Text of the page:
Anton Troianovski and Marci Shore on a Possible Russian Invasion of Ukraine
In Conversation with Whitney Terrell and V.V. Ganeshananthan on Fiction/Non/Fiction
New York Times Moscow bureau chief Anton Troianovski and Yale historian Marci Shore join hosts Whitney Terrell and V.V. Ganeshananthan to talk about a possible Russian invasion of Ukraine. Troianovski discusses his reporting on the recent talks between the U.S. and Russia, contextualizes Russia’s unusual demands, and considers the odds of a diplomatic solution. Shore lays out the Ukrainian political history that helped set the stage for current tensions, explains how Trump learned from Putin’s efforts to subvert Ukrainian elections, and recommends favorite Ukrainian writers. The episode also features Reginald Dwayne Betts reading Serhiy Zhadan’s poem “Headphones,” which he selected for inclusion in The New York Times Magazine.
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Excerpt from a conversation with Anton Troianovski
Whitney Terrell: It’s Saturday evening, January 22. In Moscow, where you are. The show comes out next Thursday, in the morning. Ukraine, which is one of Europe’s largest and most populous countries, has long been contested territory. But we’re in a particularly difficult moment there with the military presence from Russia growing near the border. Russia already annexed Crimea in 2014. There’s a lot of speculation that they’re going to invade Ukraine now. Yesterday, you and Michael Crowley filed a story about the talks that the U.S. Secretary of State Anthony Blinken and Sergey Lavrov, Russia’s Minister of Foreign Affairs, had in Geneva about Ukraine, which led to an agreement for more talks. The headline, which I know you don’t write, is, “U.S. and Russia Take More Measured Stance in Ukraine Talks,” and the piece talks about both sides trying to give diplomacy some time. Is there some chance that an invasion can be averted here?
Anton Troianovski: We don’t know what’s going to happen. And I would tend to agree with the assessment that you hear a lot out of Washington these days that Putin himself hasn’t decided what to do. Certainly all these military movements, these troop deployments to Belarus that we’re seeing right now, look very ominous, but it feels like Russia has certain political goals it wants to achieve in this situation, and it remains to be seen whether or not they can achieve some of them peacefully.
WS: What do you think they’re trying to get?
AT: The Ukraine is definitely at the core of this crisis. It’s not all about Ukraine, but that really feels like the most important factor. So they’ve put on the table a very far reaching set of demands. This is a sort of Russian approach to diplomacy that we haven’t really seen before in this intensity, where they published these two draft agreements with the U.S. and NATO in December and said: This is what we need. We need it very soon, or else there will be some kind of unspecified, what they called a “military technical response.” So those demands essentially would mean a rollback of the NATO presence in Eastern Europe, a legally binding guarantee that Ukraine never enter NATO, that other Eastern European countries that aren’t in the alliance right now never enter NATO, that the West withdraw its troops from countries like Poland and the Baltic states that are already in NATO that joined after 1997.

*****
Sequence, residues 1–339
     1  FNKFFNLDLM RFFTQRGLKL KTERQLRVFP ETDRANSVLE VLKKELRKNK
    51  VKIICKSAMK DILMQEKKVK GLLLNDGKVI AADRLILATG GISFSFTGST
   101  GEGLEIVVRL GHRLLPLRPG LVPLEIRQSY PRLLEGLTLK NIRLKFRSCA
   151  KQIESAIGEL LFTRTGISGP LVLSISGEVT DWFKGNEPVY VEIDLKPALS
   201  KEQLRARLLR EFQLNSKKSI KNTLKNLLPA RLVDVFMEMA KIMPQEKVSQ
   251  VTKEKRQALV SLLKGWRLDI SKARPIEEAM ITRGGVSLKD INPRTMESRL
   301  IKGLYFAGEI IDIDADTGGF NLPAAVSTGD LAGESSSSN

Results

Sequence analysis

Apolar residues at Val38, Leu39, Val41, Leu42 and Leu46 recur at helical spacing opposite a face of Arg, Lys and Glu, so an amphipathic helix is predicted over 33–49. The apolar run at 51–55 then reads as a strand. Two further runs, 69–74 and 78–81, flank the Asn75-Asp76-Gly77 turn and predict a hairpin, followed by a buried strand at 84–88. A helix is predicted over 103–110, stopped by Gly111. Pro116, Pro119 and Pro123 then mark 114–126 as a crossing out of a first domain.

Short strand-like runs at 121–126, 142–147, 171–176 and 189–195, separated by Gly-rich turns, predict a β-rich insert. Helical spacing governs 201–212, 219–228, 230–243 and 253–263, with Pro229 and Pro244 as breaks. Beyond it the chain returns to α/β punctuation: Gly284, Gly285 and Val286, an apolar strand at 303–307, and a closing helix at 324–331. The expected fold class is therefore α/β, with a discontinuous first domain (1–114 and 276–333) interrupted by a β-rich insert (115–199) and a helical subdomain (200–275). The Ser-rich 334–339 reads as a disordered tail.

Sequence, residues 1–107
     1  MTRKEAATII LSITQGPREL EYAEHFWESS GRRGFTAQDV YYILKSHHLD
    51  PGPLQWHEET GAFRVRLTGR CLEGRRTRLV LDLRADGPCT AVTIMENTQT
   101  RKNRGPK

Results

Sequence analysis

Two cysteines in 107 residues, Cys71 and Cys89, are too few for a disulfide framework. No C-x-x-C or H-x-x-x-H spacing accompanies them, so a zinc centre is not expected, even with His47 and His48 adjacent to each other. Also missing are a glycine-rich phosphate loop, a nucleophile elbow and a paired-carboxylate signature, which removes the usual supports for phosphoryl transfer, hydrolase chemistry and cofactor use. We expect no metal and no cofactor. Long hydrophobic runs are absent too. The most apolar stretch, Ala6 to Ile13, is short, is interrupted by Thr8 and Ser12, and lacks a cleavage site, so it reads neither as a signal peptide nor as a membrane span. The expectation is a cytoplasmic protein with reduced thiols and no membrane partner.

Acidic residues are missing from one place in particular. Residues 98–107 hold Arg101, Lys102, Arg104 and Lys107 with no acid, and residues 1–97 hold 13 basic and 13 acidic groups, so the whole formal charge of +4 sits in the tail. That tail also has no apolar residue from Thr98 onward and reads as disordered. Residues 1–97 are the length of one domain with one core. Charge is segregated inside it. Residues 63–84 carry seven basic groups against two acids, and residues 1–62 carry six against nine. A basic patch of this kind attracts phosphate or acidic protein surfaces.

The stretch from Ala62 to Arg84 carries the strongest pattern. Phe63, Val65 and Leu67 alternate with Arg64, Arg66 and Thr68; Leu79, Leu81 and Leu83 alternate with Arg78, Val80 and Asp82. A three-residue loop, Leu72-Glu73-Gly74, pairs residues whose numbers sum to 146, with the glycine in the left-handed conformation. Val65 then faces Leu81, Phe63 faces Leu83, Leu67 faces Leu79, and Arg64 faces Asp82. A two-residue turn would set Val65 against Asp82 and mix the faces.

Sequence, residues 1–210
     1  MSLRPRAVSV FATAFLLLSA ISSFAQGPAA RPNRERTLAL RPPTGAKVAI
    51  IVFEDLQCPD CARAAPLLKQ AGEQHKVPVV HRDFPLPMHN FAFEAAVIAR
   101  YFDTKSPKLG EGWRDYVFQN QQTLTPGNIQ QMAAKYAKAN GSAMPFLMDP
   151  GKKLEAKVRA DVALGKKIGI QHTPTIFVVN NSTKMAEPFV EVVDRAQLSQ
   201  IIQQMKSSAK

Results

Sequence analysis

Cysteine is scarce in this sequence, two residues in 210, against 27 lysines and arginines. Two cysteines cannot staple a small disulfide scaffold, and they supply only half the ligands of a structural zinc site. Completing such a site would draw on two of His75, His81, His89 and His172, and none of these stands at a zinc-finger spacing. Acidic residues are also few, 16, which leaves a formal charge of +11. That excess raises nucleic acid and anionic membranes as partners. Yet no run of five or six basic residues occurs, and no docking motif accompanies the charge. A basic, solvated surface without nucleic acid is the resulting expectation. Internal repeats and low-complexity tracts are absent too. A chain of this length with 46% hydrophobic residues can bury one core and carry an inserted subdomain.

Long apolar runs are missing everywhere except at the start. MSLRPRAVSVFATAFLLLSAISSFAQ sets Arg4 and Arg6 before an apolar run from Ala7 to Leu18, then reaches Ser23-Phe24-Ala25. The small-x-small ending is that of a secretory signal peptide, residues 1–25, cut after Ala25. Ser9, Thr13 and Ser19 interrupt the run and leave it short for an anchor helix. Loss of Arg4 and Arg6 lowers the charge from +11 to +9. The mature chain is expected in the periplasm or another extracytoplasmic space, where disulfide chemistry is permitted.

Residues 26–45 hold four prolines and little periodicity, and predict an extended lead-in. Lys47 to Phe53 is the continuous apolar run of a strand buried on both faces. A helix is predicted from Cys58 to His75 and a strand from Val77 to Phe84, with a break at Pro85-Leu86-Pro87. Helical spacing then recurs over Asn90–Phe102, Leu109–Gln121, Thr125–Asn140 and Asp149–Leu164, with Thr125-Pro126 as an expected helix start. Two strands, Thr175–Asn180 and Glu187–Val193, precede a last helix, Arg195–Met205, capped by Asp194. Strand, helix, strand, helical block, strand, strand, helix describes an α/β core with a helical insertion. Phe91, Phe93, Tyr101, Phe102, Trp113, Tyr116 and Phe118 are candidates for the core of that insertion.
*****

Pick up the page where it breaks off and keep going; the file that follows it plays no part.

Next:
Anyway, it’s a very long list. But you know, if you look at it as the start of a negotiation, then perhaps there is some compromise to be had. Certainly, that’s what Antony Blinken and also Joe Biden have said. They think there is a way to find a diplomatic solution here. Question is, is there something there that Putin would be willing to accept?
V.V. Ganeshananthan: I think a lot of Americans know that Ukraine vaguely is important but are probably having a hard time following the kind of entangled history here. And but we’re putting an enormous amount of money into this. So we’ve already spent $450 million in aid to Ukraine this fiscal year. And then you noted that it’s going to be another $250 million on top of that, what does that pay for?
AT: Well, that’s mainly military assistance that we’re talking about. I mean, the West is, since the pro-western revolution in Ukraine in 2014, the EU and the U.S. and Canada have tried to help Ukraine become a more modern state. So, doing kind of governance projects, anti-corruption projects, but a lot of it is indeed military assistance. In recent years, that’s included Javelin anti-tank missiles. Just yesterday, on Friday came the news that the Baltic states would be supplying Stinger anti-aircraft missiles similar to what the U.S. supplied to the Mujahideen in the Afghan war. So yeah, it’s military aid. But it’s obviously not anywhere close to what Ukraine would need to actually change the balance on the ground between Ukraine and Russia.
WS: It sounds like a lot of money, but it’s also only slightly more than the Chiefs are paying their quarterback over the next 10 years. So I can understand why it’s not enough to stop the Russian army.
AT: Yeah, I think that’s right.
WS: In your story, you write that the U.S. has said it will provide a written response to Russian demands, which include NATO withdrawing troops and territories, you were just talking about. They were formally aligned with the Soviet Union, like Poland. I don’t understand why Russia thinks it gets to make demands. Do they have an objectively genuine grievance?
AT: Core to the liberal world order that the U.S built after the end of the Cold War is that every country gets to decide its own alliances. And that would certainly include Ukraine. I think that this idea that NATO needs to withdraw from, again, as you say, countries like Poland that have already joined NATO, that’s kind of one of the most out-there seeming elements of these demands. It’s certainly almost impossible to imagine NATO agreeing to that. We can talk about how true this is or whether Putin really even means it, but certainly what Putin says is that he sees a NATO presence in Ukraine as a major threat to Russia that he has to somehow address.